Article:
The Appellant's next allegation of error concerns the admission into evidence of color photographs of the body of the deceased on the floor of the apartment in which she was shot. The Appellant contends that these photographs, State's Exhibits 3 and 4, portray the body of the deceased after it was apparently turned from a position on its side to a position on its back. It is contended that this resultant inaccuracy robs the photographs of probative value sufficient to overcome their inflammatory and prejudicial nature.

The general rule regarding such photographs was set down by this court in Kiefer v. State, (1958) 239 Ind. 103, 108, 153 N.E.2d 899, 900:

"Even though these photographs representing Exhibits Nos. 10, 11 and 12 may have been, to some degree, repetitious and cumulative, and are gruesome in character, they serve to elucidate and explain relevant oral testimony given at the trial and they were properly admitted for the purpose of showing fully the scene of the crime, the nature of the wounds of the victim, and the condition of the basement immediately after the crime was committed."

The role of accuracy in the admissibility of photographs was briefly put in McCurdy v. State, (1975) Ind., 324 N.E.2d 489 at 496:

"As previously stated by this Court, `For a photograph to be admissible it is first necessary to establish that it is a true and correct representation of the thing it intends to portray.' Johnson v. State (1972), 258 Ind. 648, 655-56, 283 N.E.2d 532, 536."

Accuracy, then, relates to that which the photograph intends to portray. The photographs in this case were not intended to portray the precise posture of the victim after the crime. Rather, they were intended to show the general position of the body. Testimony revealed that the photographs were accurate in this respect. Moreover, the photographs were accurate in identifying the victim, showing the scene of the crime, and showing the nature of the victim's wounds.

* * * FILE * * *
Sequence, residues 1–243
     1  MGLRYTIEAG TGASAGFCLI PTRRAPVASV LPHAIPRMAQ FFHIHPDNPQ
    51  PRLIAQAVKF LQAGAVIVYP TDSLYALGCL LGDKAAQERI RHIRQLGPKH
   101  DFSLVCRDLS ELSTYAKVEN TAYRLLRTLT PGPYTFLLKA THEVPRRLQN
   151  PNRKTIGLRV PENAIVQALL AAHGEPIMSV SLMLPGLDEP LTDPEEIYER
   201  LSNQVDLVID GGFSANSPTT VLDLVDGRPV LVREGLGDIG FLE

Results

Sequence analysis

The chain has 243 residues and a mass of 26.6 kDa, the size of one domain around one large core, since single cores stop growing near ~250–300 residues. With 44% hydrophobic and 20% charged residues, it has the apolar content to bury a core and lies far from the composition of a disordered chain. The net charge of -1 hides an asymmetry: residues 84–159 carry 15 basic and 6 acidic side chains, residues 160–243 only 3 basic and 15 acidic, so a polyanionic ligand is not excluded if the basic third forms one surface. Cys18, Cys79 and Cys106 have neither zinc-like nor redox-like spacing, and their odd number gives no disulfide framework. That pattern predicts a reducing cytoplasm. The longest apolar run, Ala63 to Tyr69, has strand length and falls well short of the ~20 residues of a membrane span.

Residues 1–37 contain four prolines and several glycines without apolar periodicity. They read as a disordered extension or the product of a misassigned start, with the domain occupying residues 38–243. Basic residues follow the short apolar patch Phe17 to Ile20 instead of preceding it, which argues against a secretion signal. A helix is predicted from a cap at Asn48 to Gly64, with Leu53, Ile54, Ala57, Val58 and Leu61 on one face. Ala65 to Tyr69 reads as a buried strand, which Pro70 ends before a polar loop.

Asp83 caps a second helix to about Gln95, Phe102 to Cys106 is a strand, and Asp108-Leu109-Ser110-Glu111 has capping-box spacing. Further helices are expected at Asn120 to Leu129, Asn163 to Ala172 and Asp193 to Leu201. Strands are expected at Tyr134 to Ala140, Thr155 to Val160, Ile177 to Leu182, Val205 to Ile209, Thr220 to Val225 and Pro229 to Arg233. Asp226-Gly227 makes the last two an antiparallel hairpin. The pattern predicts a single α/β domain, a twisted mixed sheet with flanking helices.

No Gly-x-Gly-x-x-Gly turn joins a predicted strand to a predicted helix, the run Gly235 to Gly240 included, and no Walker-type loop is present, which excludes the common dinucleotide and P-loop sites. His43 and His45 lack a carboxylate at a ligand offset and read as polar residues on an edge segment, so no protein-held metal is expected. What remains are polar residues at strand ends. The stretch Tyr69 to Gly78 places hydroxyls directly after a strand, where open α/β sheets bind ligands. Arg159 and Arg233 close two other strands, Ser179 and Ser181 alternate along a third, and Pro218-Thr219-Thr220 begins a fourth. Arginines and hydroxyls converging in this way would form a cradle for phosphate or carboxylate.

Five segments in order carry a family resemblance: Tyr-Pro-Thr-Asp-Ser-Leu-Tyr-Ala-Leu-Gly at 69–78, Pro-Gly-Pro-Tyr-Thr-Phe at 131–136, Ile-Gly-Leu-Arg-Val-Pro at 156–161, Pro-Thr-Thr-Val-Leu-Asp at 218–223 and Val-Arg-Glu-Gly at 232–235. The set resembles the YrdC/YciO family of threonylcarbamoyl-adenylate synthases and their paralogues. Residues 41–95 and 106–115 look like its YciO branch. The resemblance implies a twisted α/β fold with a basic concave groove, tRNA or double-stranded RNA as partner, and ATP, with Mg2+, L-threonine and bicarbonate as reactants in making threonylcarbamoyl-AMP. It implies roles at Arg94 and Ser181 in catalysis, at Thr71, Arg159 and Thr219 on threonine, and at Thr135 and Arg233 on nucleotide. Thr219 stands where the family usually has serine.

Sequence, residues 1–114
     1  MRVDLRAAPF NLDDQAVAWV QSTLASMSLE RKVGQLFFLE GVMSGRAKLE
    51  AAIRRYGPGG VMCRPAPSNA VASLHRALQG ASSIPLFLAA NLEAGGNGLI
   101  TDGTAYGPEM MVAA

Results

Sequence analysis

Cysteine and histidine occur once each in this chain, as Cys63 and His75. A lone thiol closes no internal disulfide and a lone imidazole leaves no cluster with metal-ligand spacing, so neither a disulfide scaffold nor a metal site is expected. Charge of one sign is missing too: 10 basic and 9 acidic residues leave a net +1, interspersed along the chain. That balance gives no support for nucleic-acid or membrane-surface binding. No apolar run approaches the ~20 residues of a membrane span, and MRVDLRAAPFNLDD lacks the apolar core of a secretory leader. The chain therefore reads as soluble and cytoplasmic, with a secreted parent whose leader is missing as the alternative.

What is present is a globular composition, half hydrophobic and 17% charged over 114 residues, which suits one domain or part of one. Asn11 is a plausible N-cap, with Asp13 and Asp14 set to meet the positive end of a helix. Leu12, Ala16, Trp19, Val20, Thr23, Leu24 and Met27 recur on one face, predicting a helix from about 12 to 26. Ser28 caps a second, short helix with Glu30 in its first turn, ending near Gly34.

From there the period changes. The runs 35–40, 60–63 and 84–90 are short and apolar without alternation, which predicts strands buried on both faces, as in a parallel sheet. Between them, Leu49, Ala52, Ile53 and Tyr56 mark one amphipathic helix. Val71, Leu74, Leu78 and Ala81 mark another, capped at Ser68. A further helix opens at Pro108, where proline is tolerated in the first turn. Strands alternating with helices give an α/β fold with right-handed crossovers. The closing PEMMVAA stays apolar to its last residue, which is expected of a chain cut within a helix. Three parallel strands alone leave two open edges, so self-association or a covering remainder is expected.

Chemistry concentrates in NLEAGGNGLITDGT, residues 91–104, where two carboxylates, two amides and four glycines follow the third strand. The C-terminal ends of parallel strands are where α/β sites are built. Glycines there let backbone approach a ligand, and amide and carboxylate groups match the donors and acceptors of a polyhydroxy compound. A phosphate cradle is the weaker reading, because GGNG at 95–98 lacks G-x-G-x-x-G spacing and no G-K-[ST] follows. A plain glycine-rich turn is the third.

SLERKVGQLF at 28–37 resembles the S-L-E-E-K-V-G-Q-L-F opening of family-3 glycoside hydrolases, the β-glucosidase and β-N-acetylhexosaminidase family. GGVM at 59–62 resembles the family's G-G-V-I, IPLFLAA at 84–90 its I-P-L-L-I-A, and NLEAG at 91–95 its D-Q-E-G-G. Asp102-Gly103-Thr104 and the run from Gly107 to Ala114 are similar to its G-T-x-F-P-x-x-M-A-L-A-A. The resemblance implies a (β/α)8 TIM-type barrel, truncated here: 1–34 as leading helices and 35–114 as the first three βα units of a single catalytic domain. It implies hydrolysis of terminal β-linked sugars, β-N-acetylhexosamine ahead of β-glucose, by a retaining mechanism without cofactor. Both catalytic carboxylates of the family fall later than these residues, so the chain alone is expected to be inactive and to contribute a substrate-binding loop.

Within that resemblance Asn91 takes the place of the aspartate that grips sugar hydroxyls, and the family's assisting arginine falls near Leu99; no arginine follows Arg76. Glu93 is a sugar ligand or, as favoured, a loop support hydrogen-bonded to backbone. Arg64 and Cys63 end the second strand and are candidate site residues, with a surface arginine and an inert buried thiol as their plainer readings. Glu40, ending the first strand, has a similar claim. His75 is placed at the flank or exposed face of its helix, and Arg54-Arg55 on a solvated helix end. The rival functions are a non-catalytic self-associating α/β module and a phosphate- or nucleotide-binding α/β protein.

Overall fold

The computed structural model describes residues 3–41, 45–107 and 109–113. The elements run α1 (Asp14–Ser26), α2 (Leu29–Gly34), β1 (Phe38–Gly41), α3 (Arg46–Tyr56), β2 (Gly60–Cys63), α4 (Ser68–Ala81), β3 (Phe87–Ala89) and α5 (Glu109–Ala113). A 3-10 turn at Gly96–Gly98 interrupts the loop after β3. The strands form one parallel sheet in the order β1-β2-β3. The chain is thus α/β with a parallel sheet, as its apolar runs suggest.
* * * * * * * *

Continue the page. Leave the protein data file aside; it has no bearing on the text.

*827 The photographs here were of probative value in elucidating relevant oral testimony. We can find no error in their admission into evidence.


The Appellant's next allegation of error concerns testimony regarding phone conversations between the Appellant and two prosecution witnesses. The first conversation testified to was between the Appellant and Linda Feist:

"He asked if Mom was there and I said, `No.' He said, `Is she still over at the apartment?' I said, `Yes.', no, I said, `I don't know where she is.' * * * * * * He said she could stay cooped up in the apartment for as long as she wanted to but whenever she gets out he was gonna get her. He said it didn't matter where or when. * * * * * * I said, `I don't understand why you want to kill her. I don't know what's going on but I just don't understand it.' * * * * * * I said, `I don't understand why you're going to kill her, I don't know what's going on between you two but I just don't understand.' He said, `Well, I'm just tired of her screwing me over and if I can't have her nobody else can.' He said, `I'm just gonna kill her.' And he said, `If I can't get her, I'm gonna get you or Laura and if I can't get you, I'm gonna get your grandmother or I'm gonna get Rex.' I said, `I just don't understand the whole thing. I don't know why you want to kill her.' He said, `I'm just tired of her screwing me over.'"

The Second conversation giving rise to objection by the Appellant was between the Appellant and Carol Street:

"He wanted to know if she was at my house or where she was and told me that she was avoiding him and I told him I knew little about that. And he explained to me that she didn't want to see him and he didn't, he wasn't going to stand for that. First he said he was gonna go away for a couple of weeks and then he was gonna come back and get her. * * * * * * Then he started threatening her. I tried to talk to him and tried to reason with him but there just wasn't any reasoning with him. He was angry at her and he told me she had a boyfriend which she didn't and that her boyfriend was going to be minus one girlfriend. Then he said he was gonna kill her because his life wasn't worth living without her. * * * * * * Yes, I told him that you just didn't talk like that. Things like that just don't happen. * * * * * * Well, I tried to talk to him and at times I thought he was listening to me but by the end of the conversation I knew he *828 just, he was paying no attention to me. He had his mind made up."

Appellant does not object to testimony relating to what he said in these phone conversations. Rather, he finds error in the admission into evidence of what the witnesses said in those conversations. Particularly cited by Appellant:

"I said, `I don't understand why you're going to kill her, I don't know what is going on between you two but I just don't understand' ... `I just don't understand the whole thing. I don't know why you want to kill her.' * * * * * * Yes, I told him that you must didn't talk like that. Things like that just don't happen. * * * * * * Well, I tried to talk to him and at times I thought he was listening to me but by the end of the conversation I knew he was just, he was paying no attention to me. He had his mind made up."

The Appellant contends these statements by the witness to the Appellant and conclusions as to the Appellant's state of mind were immaterial, irrelevant and incompetent.